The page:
Quirky Contemplations: Probability Insurance

QC Koan: Would you purchase a life insurance policy from someone who solicited at your doorway, claiming to be a messenger from God?

And now:
Probability Insurance

You can buy all kinds of insurance: health, dental, life, nursing home care, death (cryogenics), afterlife (religious donations), disability, homeowners, professional liability, and travelers insurance.  I think you can even insure your good looks.  But there are no absolute guarantees in life, none that I can guarantee anyway.  And there’s no insurance for loss of hair, loss of shopping lists, loss of time, loss of pet theories, loss of regularity, loss of recognition, loss of quarantined quantum particles, and loss of the big game.  Please don’t let any of that stop you from purchasing the insurance policy of your desire.  Just follow the four easy steps outlined somewhere below, and you’ll be heading in the general direction of probability insurance heaven .

Probability Policies:
Since nothing is absolutely guaranteed in life, the next best thing is to ensure that things will probably be all right in the long run.  That’s where probability insurance comes in.  If sent sufficient funds, I will issue probability insurance for a specific situation, event, or life issue.  Insured situations include falling in or out of love successfully; having or not having perfect children; lateral,  bilateral, or vertical motion; holding on or letting go…  Keep in mind that outcomes can only be measured over the course of time.   Here’s how a policy will begin: I will probably insure the recipient as follows: any insured situation or event will probably have a Universe appropriate outcome.*  (Please note definitions and terms at the bottom of page.)  The details, while no doubt relevant to you, are not particularly relevant to this policy.  But we will go ahead and list them anyway, so that you feel better about paying me.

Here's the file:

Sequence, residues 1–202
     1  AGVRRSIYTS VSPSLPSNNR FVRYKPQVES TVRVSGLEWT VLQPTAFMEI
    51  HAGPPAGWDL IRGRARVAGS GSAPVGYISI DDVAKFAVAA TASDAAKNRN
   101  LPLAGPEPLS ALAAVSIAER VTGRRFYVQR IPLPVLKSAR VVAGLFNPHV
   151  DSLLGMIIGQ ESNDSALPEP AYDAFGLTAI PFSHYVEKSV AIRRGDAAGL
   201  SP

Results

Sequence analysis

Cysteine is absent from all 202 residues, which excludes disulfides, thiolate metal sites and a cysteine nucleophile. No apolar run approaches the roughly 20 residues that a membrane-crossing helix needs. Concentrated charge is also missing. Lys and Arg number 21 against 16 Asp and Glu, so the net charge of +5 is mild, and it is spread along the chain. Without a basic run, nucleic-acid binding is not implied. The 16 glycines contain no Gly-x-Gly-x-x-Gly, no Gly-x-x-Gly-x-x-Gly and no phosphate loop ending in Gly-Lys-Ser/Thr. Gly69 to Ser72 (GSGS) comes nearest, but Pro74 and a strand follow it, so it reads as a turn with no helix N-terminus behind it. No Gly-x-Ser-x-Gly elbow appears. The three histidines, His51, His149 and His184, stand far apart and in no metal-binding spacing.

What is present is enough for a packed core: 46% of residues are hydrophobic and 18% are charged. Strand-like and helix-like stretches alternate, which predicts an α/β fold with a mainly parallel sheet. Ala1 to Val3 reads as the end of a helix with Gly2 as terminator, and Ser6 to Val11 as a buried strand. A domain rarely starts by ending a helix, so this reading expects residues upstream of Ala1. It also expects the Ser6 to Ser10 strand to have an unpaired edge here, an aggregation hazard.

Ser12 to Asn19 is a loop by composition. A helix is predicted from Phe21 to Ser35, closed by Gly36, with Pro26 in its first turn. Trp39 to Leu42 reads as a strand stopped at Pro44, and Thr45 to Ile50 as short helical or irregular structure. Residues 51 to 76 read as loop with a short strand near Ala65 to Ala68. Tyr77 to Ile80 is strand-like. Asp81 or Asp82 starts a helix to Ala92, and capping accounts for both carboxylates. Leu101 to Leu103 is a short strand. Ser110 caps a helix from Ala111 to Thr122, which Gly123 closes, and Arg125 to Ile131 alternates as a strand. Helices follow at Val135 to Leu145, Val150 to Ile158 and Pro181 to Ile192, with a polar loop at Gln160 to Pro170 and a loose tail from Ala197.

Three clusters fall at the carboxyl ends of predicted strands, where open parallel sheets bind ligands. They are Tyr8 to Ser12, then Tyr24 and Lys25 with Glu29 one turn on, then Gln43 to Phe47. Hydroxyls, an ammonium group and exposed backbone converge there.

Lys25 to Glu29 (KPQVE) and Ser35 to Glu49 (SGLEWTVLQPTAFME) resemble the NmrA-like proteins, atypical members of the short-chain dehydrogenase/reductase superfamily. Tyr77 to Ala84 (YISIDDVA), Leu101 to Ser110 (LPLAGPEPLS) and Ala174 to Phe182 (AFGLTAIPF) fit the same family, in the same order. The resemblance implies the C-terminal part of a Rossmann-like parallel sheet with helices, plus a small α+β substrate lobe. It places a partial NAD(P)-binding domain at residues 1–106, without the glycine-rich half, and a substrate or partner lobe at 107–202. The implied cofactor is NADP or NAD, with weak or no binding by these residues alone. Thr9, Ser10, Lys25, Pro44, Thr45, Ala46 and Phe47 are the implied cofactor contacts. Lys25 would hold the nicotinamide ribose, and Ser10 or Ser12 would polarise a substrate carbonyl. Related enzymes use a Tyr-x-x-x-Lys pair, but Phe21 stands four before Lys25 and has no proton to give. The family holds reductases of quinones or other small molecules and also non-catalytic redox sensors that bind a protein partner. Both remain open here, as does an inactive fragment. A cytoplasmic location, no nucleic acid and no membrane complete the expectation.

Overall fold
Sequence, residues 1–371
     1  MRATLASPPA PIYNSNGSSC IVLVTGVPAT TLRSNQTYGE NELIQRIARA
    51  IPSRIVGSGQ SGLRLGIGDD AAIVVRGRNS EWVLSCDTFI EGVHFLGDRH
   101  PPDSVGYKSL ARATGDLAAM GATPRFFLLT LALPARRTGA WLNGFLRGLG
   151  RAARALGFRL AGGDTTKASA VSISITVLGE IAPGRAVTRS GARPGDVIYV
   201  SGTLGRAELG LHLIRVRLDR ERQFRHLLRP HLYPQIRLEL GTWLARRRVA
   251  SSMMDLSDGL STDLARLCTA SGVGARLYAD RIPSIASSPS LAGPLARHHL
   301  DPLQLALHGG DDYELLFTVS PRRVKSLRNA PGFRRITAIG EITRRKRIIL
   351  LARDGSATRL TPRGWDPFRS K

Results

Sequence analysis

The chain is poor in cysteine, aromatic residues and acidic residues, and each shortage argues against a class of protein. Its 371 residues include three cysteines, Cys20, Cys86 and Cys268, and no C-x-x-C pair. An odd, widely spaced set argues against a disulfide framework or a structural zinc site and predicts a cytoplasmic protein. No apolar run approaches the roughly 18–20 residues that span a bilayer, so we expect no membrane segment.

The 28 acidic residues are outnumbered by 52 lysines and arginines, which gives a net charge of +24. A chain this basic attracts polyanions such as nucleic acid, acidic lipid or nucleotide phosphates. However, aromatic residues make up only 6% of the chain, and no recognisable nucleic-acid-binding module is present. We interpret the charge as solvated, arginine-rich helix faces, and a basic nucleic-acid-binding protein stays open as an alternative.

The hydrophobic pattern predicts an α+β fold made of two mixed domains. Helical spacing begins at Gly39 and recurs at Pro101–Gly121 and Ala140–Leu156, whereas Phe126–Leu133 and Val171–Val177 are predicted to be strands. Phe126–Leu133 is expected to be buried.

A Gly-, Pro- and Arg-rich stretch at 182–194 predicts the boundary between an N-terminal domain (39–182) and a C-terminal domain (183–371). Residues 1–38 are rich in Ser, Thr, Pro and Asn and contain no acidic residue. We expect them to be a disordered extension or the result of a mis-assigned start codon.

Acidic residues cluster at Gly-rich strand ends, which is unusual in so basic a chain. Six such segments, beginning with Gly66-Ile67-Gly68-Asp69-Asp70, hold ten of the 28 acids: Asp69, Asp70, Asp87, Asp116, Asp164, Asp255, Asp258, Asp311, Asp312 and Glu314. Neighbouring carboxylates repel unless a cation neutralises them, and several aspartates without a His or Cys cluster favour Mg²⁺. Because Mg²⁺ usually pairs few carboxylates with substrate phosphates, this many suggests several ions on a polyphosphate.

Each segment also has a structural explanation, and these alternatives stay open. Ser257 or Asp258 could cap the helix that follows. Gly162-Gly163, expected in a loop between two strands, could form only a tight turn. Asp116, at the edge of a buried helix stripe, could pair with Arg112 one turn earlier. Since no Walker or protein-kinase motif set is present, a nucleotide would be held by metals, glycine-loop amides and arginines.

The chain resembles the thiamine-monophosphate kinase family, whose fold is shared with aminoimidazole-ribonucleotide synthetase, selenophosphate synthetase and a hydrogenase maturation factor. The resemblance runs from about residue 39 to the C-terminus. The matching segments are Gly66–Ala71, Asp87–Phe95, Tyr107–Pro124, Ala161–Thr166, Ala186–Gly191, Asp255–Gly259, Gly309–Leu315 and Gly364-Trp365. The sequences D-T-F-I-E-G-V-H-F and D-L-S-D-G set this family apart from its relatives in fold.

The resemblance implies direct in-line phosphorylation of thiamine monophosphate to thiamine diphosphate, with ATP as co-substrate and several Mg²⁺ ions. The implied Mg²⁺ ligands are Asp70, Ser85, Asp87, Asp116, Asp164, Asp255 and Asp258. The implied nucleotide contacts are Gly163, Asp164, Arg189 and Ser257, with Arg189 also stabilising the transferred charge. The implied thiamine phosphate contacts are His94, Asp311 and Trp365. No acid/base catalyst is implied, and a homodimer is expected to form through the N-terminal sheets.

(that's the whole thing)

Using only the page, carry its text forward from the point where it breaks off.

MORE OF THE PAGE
Which brings me to the Zen monk Ryokan, who is somewhat famous for the following poem: on rainy days/ the monk Ryokan/ feels sorry for himself.  He apparently lived in a leaky shack and did not enjoy the wet-robe days.  I wasn’t there, so I can’t tell you if Ryokan was numb, resigned, genuinely angry with the universe, or constantly on the rebound.  Maybe he practiced Zen, or maybe just felt sorry for himself.  Luckily, Ryokan didn’t live in a rain forest, and had lots of good days, as is evidenced by the following exert from a poem:

I contemplate the moon through the night,
As the stream settles, and white dew descends.
Which traveler will bask in the moonlight longest?
Whose home will drink up the most moonbeams?

I wonder if Ryokan would have purchased probability insurance.  He could’ve paid me with a poem.  Maybe he did.  That’s probably what happened.  It’s probably up to you to fill in the details of the transaction.

*A Universe appropriate outcome is impossible to define without Universal knowledge.  However, under the terms of this agreement, any disputes may be challenged in Afterlife Court under the following conditions: 1) Afterlife Court exists; and 2) Afterlife Court chooses to hear the challenge.  There is no guarantee that Afterlife Court will act to reverse or correct challenges that are reviewed.  Since there is probably no money in the afterlife, the best you can hope for in a successful challenge are karma credits.

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